PCI compliance: time to demand security?

Payment Card Industry Data Security Standard (PCI DSS) is a set of requirements designed to ensure that every company that processes, stores or transmits debit, credit, or pre-paid card information maintains a secure environment

Tags: United Arab Emirates
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PCI compliance: time to demand security?
By  Georgina Enzer Published  April 11, 2013

Payment Card Industry Data Security Standard (PCI DSS) is a set of requirements designed to ensure that every company that processes, stores or transmits debit, credit, or pre-paid card information maintains a secure environment. Any company that takes payment using cards branded with American Express, Discover, JCB, MasterCard, and Visa International should be PCI DSS compliant.

It is also a must-have for any size of company, whether it is an SMB, or a company with thousands of employees.

PCI applies to all organisations or merchants, regardless of size or number of transactions, that accept, transmit or store any cardholder data. If any customer of that organisation ever pays the merchant directly using a credit card or debit card, then the PCI DSS requirements apply. This standard is designed to give peace of mind to customers and business partners alike, that the company has done its utmost to ensure that its customers will not have their credit card details stolen, so why do very few companies in the UAE comply with PCI DSS?

Well, at the moment there is no legislation to force companies to ensure the security of credit card data that passes through their web portals.

In the US, for example, the payment brands (Visa, Mastercard, American Express, Discover, JCB) may, at their discretion, fine an acquiring bank $5,000 to $100,000 per month for PCI compliance violations.

Not only this, but no security standards are currently enforced in the region, meaning that all these e-commerce sites that are popping up in the UAE and GCC, and all those Middle East-based enterprises that you entrust to keep your credit card information safely are not doing their utmost to protect your data.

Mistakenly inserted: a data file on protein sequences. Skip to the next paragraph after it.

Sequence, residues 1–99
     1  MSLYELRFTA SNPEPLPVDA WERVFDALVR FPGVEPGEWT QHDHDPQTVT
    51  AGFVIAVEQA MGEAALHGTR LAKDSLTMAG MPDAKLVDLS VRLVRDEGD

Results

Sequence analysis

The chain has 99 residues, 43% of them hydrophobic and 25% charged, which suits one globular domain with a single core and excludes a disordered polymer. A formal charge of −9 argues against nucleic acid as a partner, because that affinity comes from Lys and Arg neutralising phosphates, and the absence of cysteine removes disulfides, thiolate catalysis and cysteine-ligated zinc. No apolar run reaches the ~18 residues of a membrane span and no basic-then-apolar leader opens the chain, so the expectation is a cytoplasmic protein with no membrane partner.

A sobering thought. How many of us shop online? How many of us pay our bills online?

Utilising a web portal is the most convenient way to pay your bills, and we all know how much easier it is to grab something we see in an online store as a gift for a birthday, Eid present etc, rather than spending hours trawling through shops looking for the perfect gift. But is the ease of using online portals about to bite us?

There have been very few reported major credit card detail thefts through hacking in the UAE, but, looking at the lack of security laws in general and around PCI DSS implementation specifically, it seems like it may just be a matter of time before some cyber-criminal runs off with thousands of customers’ credit card details.

For those of us who do shop online frequently, the good news is that third party payment channels such as Paypal are PCI compliant, but merely using a third-party company does not exclude a company from PCI compliance. Although it may cut down on their risk exposure and consequently reduce the effort to validate compliance.

However, it does not mean they can ignore PCI. So, next time you log on and spot a nice pair of shoes, or want to pay your bills, it might be a good idea to check whether the service provider has any form of security in place, and maybe it is time we, the customers, start demanding that these Middle East-based sites implement PCI DSS for our own protection.

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